Meteorite bombardment likely to have created the Earth’s oldest rocks
The oldest rock formation located in Canada could have only been formed from a drastic event such as a meteor bombardment
Scientists have found that 4.02 billion year old silica-rich felsic rocks from the Acasta River, Canada – the oldest rock formation known on Earth – probably formed at high temperatures and at a surprisingly shallow depth of the planet’s nascent crust. The high temperatures needed to melt the shallow crust were likely caused by a meteorite bombardment around half a billion years after the planet formed. This melted the iron-rich crust and formed the granites seen today. These results are presented for the first time at the Goldschmidt conference in Boston, United States, on 14 August 2018, following publication in the peer-reviewed journal Nature Geoscience.
The felsic rocks (rocks rich in silica/quartz) found at the Acasta River in Canada, are the Earth’s oldest rocks, although there are older mineral crystals. Scientists have long known that the Acasta rocks are different to the majority of felsic rocks seen today, such as the granites widely used as a building or decorative material. Now a group of scientists from Australia and China have modelled the formation of the oldest Acasta felsic rocks and found that they could only have been formed at low pressures and very high temperatures.
Scientists believe that the primitive crust largely comprised dark, silica-poor mafic rocks, so there has been a question over how the Acasta River felsic rocks could have formed.
“Our modelling shows that the Acasta River rocks derived from the melting of pre-existing iron-rich basaltic rock, which formed the uppermost layers of crust on the primitive Earth”, says team leader Tim Johnson, from Curtin University, Perth, Australia.
“We used phase equilibria and trace element modelling to show that the Acasta River rocks were produced by partial melting of the original mafic rocks at very low pressures. It would have needed something special to produce the 900 degrees Celsius (1700 degrees Fahrenheit) temperatures needed to generate these early felsic rocks at such low pressures, and that probably means a drastic event, most likely the intense heating caused by meteorite bombardment.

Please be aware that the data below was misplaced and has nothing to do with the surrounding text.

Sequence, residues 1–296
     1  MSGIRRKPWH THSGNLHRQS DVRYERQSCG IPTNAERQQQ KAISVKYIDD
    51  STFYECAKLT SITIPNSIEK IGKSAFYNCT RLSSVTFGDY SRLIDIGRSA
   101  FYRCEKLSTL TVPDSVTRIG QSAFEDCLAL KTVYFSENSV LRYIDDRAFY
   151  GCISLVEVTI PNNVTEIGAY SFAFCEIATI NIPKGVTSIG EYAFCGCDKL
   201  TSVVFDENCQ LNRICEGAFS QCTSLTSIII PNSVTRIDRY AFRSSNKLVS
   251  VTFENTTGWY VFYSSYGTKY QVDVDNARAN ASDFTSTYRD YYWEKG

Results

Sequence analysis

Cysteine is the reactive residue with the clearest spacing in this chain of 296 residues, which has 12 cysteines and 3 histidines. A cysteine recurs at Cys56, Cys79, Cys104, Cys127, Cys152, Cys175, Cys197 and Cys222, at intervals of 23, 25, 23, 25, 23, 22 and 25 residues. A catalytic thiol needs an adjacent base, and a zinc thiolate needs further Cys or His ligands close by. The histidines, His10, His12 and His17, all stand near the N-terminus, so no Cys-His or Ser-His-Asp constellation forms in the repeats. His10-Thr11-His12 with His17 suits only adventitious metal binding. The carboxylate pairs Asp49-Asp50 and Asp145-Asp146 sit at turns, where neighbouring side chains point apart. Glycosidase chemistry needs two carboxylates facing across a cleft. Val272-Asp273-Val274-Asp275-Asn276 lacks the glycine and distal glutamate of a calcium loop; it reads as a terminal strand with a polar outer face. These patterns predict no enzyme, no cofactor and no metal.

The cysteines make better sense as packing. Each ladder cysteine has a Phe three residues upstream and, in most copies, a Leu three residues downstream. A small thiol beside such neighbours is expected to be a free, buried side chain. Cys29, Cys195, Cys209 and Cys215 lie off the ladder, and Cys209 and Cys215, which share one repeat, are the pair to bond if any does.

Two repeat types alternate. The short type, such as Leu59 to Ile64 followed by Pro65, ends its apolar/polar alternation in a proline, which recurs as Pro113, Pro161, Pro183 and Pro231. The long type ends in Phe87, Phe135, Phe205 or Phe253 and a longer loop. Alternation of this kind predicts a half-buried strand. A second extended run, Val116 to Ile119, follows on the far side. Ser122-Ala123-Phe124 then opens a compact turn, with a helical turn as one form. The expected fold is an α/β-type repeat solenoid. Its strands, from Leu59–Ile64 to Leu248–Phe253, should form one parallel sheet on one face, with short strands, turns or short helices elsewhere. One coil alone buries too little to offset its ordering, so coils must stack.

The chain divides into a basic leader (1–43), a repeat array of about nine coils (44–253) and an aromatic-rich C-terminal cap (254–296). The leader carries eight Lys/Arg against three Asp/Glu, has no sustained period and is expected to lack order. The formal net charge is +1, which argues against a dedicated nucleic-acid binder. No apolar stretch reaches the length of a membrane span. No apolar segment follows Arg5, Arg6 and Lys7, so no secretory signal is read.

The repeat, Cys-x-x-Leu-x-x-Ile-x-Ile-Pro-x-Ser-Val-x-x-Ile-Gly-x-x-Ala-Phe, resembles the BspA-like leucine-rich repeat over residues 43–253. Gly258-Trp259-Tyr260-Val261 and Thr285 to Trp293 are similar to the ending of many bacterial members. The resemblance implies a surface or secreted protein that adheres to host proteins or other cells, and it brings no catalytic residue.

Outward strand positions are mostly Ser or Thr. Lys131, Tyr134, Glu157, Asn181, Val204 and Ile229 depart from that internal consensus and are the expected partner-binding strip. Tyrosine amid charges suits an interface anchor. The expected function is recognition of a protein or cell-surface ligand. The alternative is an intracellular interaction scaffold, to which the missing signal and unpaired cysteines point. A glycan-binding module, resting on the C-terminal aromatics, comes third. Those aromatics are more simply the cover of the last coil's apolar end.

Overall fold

We estimate that rocks within the uppermost three kilometres (two miles) of mafic crust would have been melted in producing the rocks we see today. We think that these ancient felsic rocks would have been very common, but the passage of four billion years, and the development of plate tectonics, means that almost nothing remains.
We believe that these rocks may be the only surviving remnants of a barrage of extraterrestial impacts which characterized the first 600 million years of Earth History”.
The Acasta River is part of the Slave Craton formation in Northern Canada, north of Yellowknife and the Great Slave Lake. The area is the homeland of the Tlicho people, which led to the geologists who discovered the rocks giving them the name “Idiwhaa”, derived from the Tlicho word for ancient.
Commenting, Dr Balz Kamber (Trinity College Dublin, Ireland) says that “The idea of making felsic melts by large or giant impacts seems plausible considering the high-energy nature of these events and the pockmarked ancient surfaces of other inner Solar System planets and moons. However, the implied pressure-temperature regime might also permit melting of shallow crust below a super-heated impact melt sea. In other words, an indirect consequence of the impact itself”.
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